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Bear Canister Bias

Thru-Fishing the JMT

5 x 8 Poncho as Shelter and Raingear

Esbit Stove Height vs Efficiency

Stoveweight vs Time Over 14 Days

Stoveweight vs Time Over 28 Days

Repairing Gear on the Trail

Washing Down Gear

Common Choices for Alcohol Fueled Stoves

Flying With Fuels

Resupply Options for Long Distance Hikers

MSR Pocket Rocket Tests

Pack Light Eat Right

Debunking Cookware Myths

For a Few Calories More: the Good, Bad, and Ugly of Trail Foods

Water Purification for Long Distance Hikers

MSR Pocket Rocket Tests

By Curt Peterson

MSR has long been a major player in the backpacking stove industry. I imagine there isn't a long-time backpacker out there who hasn't owned, used, or at least seen a Whisperlite stove. Unclogging jets, priming the burner, pumping the fuel bottle, and trying to control flare-ups just seem to be part of the backpacking rites of passage. MSR has offered a canister version of the Whisperlite for a long time, but in the past couple of years has put new energy into canister stoves with the production of the Superfly and the Pocket Rocket (3 oz., $34, hard case included). Because the Pocket Rocket is one of the lightest and most reasonably priced canister stove on Earth today, I chose it for summer backpacking and performed some at-home tests to find out how much fuel I would need for various trips.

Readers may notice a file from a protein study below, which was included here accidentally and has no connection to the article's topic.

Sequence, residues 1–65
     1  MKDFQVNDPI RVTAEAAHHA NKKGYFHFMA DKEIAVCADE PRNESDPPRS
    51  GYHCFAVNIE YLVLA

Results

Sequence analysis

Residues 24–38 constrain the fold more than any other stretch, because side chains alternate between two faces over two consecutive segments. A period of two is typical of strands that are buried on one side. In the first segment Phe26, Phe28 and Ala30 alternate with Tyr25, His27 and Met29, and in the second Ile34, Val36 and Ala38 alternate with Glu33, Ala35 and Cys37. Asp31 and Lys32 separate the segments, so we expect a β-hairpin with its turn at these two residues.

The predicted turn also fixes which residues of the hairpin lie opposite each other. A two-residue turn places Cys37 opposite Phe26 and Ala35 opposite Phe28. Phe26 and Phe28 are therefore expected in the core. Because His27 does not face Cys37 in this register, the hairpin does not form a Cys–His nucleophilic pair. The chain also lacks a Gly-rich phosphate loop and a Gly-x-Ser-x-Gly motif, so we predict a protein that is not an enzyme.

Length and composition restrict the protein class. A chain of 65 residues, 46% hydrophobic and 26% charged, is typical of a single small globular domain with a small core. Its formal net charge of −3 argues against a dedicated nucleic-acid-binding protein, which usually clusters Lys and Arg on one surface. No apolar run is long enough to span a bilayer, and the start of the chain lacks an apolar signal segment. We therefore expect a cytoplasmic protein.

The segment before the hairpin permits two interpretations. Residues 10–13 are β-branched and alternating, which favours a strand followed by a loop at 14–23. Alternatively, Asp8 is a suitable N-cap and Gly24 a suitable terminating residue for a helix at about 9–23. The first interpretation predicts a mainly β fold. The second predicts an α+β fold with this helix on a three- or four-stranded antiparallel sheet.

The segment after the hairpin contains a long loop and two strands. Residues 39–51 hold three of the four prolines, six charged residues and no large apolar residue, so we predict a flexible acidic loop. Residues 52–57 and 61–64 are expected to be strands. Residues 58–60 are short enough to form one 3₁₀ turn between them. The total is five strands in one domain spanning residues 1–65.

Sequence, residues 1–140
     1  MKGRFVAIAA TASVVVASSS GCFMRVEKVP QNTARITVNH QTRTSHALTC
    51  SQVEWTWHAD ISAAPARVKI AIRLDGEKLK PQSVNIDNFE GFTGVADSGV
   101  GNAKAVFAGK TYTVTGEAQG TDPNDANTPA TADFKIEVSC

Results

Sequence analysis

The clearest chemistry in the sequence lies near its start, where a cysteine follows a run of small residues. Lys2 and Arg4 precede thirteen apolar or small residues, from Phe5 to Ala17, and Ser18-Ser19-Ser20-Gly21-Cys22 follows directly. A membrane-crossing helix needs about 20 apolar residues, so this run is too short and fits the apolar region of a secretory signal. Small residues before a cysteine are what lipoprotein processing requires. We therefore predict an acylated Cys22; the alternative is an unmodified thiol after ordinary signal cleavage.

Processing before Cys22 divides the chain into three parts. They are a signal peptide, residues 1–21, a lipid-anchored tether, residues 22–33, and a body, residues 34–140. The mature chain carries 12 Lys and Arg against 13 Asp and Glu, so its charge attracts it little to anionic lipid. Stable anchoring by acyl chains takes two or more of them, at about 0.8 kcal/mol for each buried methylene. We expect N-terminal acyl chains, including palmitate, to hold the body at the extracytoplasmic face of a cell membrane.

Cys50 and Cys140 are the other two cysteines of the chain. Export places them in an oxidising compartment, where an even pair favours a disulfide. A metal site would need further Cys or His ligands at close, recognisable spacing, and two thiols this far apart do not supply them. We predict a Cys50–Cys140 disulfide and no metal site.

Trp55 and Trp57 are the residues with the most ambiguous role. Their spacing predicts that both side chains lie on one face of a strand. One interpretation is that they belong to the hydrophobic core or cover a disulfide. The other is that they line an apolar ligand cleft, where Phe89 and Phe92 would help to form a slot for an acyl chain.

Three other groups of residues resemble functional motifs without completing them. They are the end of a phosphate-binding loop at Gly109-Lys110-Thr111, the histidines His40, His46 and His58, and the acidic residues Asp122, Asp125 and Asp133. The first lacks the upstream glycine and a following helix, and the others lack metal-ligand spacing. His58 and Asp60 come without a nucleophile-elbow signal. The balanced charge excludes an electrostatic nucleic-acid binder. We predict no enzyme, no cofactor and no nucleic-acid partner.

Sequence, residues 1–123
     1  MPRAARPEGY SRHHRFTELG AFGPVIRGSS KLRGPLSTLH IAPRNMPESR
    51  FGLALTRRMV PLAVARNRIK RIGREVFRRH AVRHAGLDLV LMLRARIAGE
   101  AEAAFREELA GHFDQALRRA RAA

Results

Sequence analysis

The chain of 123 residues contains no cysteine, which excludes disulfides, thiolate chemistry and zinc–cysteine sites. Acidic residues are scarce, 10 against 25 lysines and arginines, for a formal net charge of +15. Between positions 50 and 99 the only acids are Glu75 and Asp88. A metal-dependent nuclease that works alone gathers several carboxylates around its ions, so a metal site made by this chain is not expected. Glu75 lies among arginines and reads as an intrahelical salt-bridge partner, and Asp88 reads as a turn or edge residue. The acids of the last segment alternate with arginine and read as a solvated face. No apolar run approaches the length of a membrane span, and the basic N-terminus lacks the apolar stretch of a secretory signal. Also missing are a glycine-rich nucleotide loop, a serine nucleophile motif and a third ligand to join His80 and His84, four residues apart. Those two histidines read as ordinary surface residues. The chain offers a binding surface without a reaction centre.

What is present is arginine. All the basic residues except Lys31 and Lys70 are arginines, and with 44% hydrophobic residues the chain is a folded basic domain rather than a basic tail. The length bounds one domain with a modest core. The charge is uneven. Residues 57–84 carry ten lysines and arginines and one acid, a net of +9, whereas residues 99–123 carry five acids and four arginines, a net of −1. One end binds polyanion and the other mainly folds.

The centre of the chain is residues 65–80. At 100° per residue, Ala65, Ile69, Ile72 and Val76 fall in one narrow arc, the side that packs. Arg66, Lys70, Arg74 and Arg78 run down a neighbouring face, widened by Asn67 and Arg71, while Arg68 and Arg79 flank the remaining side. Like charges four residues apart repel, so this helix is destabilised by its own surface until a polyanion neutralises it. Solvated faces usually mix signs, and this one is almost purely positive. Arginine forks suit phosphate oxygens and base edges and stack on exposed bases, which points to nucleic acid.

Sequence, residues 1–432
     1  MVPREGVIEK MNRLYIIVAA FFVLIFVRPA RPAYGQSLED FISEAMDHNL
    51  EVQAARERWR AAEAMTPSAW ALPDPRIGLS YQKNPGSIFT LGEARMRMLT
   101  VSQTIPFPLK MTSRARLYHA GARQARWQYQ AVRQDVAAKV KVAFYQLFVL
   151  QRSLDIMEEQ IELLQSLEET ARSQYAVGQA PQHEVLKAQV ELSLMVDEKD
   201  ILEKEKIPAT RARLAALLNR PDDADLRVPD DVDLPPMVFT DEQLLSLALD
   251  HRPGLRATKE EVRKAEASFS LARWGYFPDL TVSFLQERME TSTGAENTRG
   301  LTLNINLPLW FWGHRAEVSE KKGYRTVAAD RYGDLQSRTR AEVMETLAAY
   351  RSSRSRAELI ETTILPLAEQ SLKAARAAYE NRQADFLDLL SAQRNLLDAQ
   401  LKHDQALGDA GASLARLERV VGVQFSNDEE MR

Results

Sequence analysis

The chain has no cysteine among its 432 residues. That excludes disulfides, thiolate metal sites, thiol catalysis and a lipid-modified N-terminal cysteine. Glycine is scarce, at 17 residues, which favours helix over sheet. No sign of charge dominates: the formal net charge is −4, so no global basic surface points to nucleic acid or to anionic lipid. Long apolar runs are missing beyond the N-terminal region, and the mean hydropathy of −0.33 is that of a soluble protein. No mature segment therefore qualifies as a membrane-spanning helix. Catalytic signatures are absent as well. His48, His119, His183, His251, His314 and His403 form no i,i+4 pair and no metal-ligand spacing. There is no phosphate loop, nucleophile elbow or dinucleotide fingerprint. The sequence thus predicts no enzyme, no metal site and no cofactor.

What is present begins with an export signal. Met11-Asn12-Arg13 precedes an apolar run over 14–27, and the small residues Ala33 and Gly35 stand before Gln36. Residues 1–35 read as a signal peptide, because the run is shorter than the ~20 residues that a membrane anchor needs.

Digital thermometer, food grade (+/- .1 *F) with integral stopwatch
Balance: Pelouze model K5 (marked accurate to +/- .5 oz)
Stansport 3 cup stainless steel cookpot with lid
3.5 ounce Coleman canister (70% Butane, 30% Propane)

2 cups of water at room temperature (60 degrees F) were used in each test. Two cups of water (16 ounces) at room temperature were used in each test. The fuel canister was weighed and mass recorded. The stove was attached to the canister and the pot with water was placed on the stove. The stove was lit, stopwatch started, then the stove was turned to full power. The digital thermometer was inserted into the pot. The stopwatch was stopped when the temperature was observed to reach 210 *F as reported by the thermometer. The pot was then removed from the stove and the canister was unscrewed from the stove burner. Any condensation was wiped form the fuel canister. The fuel canister was then weighed, and the ending canister weight was subtracted from the beginning canister weight to determine the mass of fuel consumed.

Trial Start Temp Max Temp Time to Max Temp Mass Fuel Used*
1 60 *F 210 *F 1 min 38 sec .3 oz
2 60 *F 210 *F 1 min 32sec .3 oz